Your grocery bill will not shrink any time soon
Food prices continue to soar, with commodities like beans and onions increasing sharply.
Beans and onions have experienced the biggest increase in prices over the last 12 months, according to newly released data from the Kenya National Bureau of Statistics (KNBS).
The average retail price of a kilogram of beans has gone up by 32.7 per cent over the last 12 months, while that of onions has increased by 22.2 per cent.
On the other side of the scale, the prices of tomatoes and spinach have dropped the most over the same period, with the prices reducing by 9.8 per cent and 6.7 per cent respectively. The price of wheat flour has also fallen, but only by 0.3 per cent.
While the cost of living has been at the forefront of political debate since before the General Election in August last year, the data from the KNBS paints a stark picture of just how much things have changed over the last year.
Curiously, KNBS did not indicate the change in the price of maize flour or maize, the basic ingredients of ugali, Kenya’s staple food. The price of maize flour is often a political issue as it is seen as a measure of the cost of food, which the Government is expected to control.
For homes, the highest increases have also been in the cost of electricity, which have gone up by 65.7 per cent for homes that use 50 kilowatts per month and 46.6 per cent for those who use 200 kilowatts per month.
In July 2022, homes that use the lower rate of power spent KSh 796, increasing to KSh 1320 in July 2023.
For those who use 200 kilowatts and above, they spent KSh 4,373 in July 2022, compared to KSh 6,411 in July 2023.
The findings released on August 1 show that the inflation rate was 7.9 percent in June, driven mostly by a rise in food and non-alcoholic beverage pricing, which have increased by 10.3 percent since 2022.
The price of a kilo of onions increased from KSh 127 in July 2022 to KSh 155 in July 2023. A kilo of beans increased from KSh 141 in July 2022 to KES 187.67 in July 2023 and for a kilo of potatoes, the price increased from KES 81.66 in July 2022 to KES 89.07 in July 2023.
The data also captured a change in bus fare, using Githurai as an example. Fare to and from Nairobi town increased from KSh 50 to KSh 70 in July 2022 and July 2023 respectively.
This change in fare prices could be attributed to changes in fuel prices, with petrol increasing from KSh 159.94 to KES 195.32 per litre, and diesel increasing from KSh 140.91 to KES 180.42 per litre in the course of the year.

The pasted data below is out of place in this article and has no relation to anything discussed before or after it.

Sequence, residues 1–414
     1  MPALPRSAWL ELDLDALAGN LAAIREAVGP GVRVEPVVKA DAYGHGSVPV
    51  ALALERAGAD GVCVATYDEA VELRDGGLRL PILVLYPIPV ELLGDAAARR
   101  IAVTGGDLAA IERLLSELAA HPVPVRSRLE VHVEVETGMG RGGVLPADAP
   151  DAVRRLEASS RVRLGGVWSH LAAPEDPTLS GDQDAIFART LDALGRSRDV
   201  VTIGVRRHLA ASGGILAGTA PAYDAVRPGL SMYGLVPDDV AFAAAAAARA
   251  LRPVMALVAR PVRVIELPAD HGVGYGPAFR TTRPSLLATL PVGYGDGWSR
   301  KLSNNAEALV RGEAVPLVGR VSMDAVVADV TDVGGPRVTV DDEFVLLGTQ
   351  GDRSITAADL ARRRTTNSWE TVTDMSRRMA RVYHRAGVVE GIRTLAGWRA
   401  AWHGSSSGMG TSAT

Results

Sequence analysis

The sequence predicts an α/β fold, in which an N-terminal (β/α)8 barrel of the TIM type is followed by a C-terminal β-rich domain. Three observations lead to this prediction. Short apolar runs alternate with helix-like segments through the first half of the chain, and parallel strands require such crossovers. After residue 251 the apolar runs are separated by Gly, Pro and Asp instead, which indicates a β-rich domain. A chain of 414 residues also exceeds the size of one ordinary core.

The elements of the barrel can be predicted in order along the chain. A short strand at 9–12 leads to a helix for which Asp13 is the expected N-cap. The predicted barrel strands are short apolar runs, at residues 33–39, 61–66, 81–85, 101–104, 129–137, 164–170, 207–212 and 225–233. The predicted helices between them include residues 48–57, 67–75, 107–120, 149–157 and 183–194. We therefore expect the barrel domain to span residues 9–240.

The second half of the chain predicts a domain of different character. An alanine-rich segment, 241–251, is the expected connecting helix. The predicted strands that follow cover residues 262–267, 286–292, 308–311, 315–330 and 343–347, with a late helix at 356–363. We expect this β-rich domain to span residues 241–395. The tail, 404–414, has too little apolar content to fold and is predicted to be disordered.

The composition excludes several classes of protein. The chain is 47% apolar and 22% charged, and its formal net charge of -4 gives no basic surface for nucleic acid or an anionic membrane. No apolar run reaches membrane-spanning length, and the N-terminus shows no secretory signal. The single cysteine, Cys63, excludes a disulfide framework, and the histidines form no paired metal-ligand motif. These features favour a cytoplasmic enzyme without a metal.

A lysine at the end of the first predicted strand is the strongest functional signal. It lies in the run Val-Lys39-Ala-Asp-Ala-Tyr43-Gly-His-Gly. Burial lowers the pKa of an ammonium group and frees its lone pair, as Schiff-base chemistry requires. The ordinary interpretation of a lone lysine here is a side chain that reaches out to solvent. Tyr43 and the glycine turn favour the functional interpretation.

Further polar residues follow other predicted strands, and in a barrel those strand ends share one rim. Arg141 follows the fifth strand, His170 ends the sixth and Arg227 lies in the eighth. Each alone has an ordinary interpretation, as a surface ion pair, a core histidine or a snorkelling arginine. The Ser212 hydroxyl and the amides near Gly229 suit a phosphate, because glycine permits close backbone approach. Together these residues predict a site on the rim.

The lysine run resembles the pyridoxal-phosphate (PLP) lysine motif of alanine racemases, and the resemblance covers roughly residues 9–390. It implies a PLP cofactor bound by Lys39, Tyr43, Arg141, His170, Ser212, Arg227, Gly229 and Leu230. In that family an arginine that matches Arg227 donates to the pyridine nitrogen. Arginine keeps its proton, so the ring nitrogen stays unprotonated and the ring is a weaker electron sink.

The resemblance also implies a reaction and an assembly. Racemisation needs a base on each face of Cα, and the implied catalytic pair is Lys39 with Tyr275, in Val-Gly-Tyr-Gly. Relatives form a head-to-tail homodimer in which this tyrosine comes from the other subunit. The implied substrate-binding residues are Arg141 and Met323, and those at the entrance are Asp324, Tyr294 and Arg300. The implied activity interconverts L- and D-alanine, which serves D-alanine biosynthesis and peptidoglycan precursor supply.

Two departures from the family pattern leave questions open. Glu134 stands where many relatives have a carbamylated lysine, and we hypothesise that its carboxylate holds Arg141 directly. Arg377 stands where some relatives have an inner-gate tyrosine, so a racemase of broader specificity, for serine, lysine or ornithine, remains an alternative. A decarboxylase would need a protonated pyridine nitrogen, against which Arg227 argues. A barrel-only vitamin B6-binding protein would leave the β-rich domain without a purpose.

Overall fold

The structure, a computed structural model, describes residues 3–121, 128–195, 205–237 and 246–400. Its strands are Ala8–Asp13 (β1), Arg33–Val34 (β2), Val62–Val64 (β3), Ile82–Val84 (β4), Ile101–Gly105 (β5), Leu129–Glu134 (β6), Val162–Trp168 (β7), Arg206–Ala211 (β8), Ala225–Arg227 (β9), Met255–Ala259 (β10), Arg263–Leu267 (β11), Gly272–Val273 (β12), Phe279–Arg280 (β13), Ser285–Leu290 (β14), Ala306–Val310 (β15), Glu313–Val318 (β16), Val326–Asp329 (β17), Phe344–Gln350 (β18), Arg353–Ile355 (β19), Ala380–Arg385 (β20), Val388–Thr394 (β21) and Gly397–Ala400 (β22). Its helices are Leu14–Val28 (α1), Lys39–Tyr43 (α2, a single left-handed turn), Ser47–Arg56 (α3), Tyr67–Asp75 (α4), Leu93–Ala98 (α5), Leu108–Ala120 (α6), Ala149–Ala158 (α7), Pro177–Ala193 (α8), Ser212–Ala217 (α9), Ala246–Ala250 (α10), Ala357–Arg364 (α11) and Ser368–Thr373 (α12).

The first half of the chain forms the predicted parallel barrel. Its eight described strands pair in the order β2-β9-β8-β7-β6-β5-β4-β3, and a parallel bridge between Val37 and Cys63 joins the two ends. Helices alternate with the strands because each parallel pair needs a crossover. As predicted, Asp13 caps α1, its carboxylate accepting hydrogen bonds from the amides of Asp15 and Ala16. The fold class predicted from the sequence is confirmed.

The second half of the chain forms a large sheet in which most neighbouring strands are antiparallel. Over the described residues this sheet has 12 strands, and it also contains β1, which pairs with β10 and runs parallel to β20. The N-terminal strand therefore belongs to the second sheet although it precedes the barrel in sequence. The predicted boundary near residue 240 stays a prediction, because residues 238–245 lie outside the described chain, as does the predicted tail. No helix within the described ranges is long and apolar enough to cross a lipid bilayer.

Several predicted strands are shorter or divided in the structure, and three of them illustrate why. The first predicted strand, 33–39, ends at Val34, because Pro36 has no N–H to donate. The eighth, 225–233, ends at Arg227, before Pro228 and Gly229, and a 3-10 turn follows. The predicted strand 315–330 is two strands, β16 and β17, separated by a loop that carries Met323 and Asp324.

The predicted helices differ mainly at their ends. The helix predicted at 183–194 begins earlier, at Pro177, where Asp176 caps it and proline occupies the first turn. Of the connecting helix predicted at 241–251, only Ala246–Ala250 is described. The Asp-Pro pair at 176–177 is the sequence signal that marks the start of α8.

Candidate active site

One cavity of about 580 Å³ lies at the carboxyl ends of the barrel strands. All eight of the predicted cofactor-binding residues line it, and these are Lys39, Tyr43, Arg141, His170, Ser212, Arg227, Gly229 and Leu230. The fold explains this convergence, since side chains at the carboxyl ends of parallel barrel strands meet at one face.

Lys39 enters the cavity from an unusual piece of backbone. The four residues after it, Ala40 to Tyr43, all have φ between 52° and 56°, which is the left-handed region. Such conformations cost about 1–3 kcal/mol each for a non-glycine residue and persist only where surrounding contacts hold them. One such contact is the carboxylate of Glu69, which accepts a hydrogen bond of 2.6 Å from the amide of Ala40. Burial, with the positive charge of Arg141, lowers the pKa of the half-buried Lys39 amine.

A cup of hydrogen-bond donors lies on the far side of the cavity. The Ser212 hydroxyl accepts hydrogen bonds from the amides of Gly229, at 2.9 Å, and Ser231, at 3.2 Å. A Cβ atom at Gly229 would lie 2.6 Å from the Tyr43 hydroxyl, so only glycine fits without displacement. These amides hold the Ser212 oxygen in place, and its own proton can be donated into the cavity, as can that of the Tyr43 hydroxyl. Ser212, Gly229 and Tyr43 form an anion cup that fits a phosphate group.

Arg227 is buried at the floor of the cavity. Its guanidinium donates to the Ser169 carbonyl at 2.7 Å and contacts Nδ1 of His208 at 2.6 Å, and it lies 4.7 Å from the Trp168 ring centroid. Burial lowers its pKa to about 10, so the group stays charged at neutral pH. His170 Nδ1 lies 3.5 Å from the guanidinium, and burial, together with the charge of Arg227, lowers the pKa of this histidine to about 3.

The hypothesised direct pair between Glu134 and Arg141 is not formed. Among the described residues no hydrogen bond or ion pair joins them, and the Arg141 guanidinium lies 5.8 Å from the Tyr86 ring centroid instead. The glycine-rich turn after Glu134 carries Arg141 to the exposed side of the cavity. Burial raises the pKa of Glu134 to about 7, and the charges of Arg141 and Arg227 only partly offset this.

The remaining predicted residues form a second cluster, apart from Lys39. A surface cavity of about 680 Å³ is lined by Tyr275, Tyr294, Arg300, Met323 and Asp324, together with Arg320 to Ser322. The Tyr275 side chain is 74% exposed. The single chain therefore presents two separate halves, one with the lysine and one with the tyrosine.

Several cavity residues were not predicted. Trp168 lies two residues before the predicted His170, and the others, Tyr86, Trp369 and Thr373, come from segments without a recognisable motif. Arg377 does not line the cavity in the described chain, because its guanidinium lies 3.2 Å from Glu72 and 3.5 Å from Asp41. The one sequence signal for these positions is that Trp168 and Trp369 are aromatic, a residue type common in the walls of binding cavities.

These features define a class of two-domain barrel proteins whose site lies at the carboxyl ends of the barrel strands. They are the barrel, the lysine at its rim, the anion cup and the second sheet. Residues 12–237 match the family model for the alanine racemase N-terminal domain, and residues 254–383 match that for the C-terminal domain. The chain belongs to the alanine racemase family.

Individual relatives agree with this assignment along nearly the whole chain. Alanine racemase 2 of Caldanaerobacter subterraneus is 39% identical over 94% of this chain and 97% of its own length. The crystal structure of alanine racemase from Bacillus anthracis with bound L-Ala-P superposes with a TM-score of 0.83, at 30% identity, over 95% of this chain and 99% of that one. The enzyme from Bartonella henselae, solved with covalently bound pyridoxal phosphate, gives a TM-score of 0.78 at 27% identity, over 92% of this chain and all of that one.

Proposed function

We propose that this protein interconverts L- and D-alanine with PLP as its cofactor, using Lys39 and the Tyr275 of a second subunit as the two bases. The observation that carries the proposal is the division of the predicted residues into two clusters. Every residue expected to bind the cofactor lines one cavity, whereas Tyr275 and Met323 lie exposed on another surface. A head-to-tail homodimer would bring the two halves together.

The increase in the cost of living has mostly been attributed to the combined effect of the war in Ukraine and Russia, the depreciation of the Kenyan shilling against the dollar and the effect of drought in most parts of the country.
On the domestic front, other foods whose prices have gone up over the past year are: peas (13.9 per cent), potatoes (9.1 per cent), carrots (8.1 per cent), oranges (7.7 per cent), cow milk (6.6 per cent), cabbages (6.5 per cent) and cowpeas (4.9 per cent).
In the category of non-food items, the only reduction has been in the cost of cooking gas by 10 per cent, while all other consumables have had their prices increased.
With farmers complaining they can’t get the best prices for their produce in the market, the global lobby, Consumers International (CI), attributes this to “unfair practices within the system that need to be investigated by the relevant authorities.”
At a recent stakeholder forum, the Competition Authority of Kenya (CAK), said there is evidence that anti-competitive practices such as price fixing and excessive pricing have caused the unwarranted high food prices.
“What pushes our prices? First, our cost of transportation seems to be high comparatively. Second, there are barriers across counties which cause additional costs which are ultimately borne by the consumer,” said Boniface Kamiti, Head of Consumer Protection at CAK.
Kamiti also said that despite Kenya being part of COMESA and EAC, transporting surplus produce from other member countries is nearly impossible due to existing trade wars and non-tariff barriers at border points.
Staple food prices remain historically high in most markets due to low local food availability emanating from successive below average harvests and increased demand. This has been occasioned by drought as well as high cost of farm inputs such as fertilizer.